Thirty-eight bomb blasts have ripped through four Indian cities since May 13 this year, killing 128. Small wonder, then, that Indians are afraid — but there is cause yet for hope amid the fear.
A Hindustan Times-CNN-IBN poll conducted across major cities on September 24 and 25 showed that 81 per cent fear for their and their family’s safety. However, this hasn’t caused people to lose faith in the ‘other’. The survey showed that 72 per cent people don’t distrust those from another faith. And 61 per cent said terrorism has nothing to do with religion. A majority — 58 per cent — say they would rent out their house to a person of another faith.
Our sense of security, though, is depleting. It is the insecurity that comes from not knowing if one’s trip to the neighbourhood market will be the last.
Businessman Rajesh Gupta’s tale is symptomatic of this. His wife Rajni was visiting her parents in Karol Bagh on September 13. In the evening, she decided to go shopping for curtains. Fate placed her only metres away from a bomb that went off at Gaffar Market. She died.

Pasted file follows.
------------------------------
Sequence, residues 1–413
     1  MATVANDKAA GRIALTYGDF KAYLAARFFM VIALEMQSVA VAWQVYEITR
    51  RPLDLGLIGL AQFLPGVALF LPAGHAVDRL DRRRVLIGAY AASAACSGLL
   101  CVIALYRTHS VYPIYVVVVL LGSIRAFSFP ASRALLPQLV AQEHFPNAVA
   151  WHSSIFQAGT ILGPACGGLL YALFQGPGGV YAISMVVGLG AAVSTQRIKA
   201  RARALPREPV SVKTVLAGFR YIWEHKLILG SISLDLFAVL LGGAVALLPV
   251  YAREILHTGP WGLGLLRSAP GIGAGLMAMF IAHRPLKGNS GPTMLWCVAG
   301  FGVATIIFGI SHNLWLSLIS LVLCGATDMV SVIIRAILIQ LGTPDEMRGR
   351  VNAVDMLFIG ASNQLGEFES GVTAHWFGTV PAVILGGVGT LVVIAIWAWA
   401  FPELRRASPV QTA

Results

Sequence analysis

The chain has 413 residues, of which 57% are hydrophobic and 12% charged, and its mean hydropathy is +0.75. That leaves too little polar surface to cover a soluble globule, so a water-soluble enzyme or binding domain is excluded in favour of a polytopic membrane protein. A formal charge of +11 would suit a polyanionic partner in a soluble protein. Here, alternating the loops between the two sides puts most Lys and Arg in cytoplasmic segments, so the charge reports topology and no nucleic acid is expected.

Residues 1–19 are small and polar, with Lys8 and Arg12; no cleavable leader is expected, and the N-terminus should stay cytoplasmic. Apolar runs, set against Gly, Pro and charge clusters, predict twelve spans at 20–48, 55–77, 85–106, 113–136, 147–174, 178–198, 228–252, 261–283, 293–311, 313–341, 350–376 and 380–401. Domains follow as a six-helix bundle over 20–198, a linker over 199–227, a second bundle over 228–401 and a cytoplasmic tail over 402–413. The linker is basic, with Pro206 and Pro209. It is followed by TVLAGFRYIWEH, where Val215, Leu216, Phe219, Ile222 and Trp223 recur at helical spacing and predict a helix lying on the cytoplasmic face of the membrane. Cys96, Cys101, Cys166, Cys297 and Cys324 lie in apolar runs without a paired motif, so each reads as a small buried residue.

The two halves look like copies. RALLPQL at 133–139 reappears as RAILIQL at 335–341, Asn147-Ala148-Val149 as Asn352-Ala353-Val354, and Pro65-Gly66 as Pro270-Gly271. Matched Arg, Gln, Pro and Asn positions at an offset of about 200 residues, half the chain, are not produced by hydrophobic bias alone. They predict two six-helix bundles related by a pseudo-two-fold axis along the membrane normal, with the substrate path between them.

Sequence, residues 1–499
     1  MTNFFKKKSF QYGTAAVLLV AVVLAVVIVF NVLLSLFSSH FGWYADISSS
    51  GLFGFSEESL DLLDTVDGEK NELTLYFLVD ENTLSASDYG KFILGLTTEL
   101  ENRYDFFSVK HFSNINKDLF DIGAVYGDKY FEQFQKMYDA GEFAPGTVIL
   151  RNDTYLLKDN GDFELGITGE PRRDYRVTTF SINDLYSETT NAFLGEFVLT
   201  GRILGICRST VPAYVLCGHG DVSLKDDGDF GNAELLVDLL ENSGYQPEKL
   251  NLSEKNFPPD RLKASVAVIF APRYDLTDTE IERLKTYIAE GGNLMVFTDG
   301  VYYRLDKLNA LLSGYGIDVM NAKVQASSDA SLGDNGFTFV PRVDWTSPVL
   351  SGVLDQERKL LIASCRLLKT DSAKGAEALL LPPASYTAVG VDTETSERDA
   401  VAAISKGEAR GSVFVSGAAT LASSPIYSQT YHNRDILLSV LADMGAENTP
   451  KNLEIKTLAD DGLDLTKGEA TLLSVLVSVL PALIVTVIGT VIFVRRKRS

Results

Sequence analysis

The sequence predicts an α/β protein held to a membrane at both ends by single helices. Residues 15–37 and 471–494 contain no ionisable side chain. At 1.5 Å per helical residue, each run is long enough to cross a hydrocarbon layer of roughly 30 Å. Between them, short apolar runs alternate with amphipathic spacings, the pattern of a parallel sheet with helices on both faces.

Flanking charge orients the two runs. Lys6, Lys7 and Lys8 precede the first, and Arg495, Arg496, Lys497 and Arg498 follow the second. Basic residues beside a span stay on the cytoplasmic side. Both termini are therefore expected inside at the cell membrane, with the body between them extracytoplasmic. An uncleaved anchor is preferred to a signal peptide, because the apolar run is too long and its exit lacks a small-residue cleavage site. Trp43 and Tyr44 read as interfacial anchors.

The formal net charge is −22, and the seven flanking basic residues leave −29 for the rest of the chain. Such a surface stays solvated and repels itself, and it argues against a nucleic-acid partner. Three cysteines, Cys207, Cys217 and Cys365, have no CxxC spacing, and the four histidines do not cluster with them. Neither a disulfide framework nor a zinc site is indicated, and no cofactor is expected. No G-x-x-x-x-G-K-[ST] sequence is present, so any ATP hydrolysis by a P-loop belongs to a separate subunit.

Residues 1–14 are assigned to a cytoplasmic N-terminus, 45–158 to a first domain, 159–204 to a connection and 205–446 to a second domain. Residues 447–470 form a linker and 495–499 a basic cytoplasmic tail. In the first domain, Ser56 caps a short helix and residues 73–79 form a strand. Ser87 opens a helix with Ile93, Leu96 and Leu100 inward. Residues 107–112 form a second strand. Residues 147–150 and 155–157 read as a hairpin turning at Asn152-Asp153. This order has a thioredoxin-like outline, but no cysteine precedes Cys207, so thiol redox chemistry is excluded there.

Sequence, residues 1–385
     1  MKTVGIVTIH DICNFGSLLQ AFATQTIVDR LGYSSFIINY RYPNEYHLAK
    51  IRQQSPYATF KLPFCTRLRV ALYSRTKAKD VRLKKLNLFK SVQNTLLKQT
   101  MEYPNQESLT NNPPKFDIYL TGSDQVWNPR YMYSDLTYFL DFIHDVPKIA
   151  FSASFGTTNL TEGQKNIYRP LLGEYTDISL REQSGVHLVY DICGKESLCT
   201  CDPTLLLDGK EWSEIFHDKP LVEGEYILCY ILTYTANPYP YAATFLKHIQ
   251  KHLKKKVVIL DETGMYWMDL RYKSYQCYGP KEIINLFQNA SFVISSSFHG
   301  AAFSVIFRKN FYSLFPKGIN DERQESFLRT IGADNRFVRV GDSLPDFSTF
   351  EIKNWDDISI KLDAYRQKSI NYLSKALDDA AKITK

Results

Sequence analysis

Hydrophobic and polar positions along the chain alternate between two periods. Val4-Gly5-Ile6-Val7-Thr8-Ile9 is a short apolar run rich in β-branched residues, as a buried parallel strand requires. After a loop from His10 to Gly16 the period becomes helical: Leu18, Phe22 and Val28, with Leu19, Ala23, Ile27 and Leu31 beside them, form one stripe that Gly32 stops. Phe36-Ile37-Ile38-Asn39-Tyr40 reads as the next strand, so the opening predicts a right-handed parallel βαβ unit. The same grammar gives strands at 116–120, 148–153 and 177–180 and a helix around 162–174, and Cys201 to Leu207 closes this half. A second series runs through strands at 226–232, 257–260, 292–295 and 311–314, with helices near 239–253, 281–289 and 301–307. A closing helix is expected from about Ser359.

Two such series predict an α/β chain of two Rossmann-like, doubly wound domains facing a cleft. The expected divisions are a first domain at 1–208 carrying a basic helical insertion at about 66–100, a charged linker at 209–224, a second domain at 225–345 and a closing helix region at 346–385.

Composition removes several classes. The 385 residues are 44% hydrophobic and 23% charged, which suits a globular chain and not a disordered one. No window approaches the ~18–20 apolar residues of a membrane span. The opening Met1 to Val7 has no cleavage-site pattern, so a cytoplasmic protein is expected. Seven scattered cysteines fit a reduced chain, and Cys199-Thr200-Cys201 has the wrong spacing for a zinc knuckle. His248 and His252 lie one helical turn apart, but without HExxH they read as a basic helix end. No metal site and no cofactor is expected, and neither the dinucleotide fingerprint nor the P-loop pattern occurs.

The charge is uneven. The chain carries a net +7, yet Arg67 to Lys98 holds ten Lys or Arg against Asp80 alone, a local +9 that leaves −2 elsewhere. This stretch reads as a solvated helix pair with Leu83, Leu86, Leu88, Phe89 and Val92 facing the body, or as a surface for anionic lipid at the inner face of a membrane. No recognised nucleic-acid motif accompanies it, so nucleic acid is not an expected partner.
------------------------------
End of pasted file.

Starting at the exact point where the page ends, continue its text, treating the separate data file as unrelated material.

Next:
“Rajesh hasn’t cried since he came to know of bhabhi’s death. He has become expressionless,” said his inconsolable brother Santosh that night.
India has reacted to the horror by asking for an iron fist — 90 per cent believed time has come for tougher anti-terror laws. They’re willing to walk the talk on that — 82 per cent said they’re fine with stricter security measures in return for safety. A majority — 77 per cent — said they were willing to lend the authorities a hand by educating others on how to be more cautious.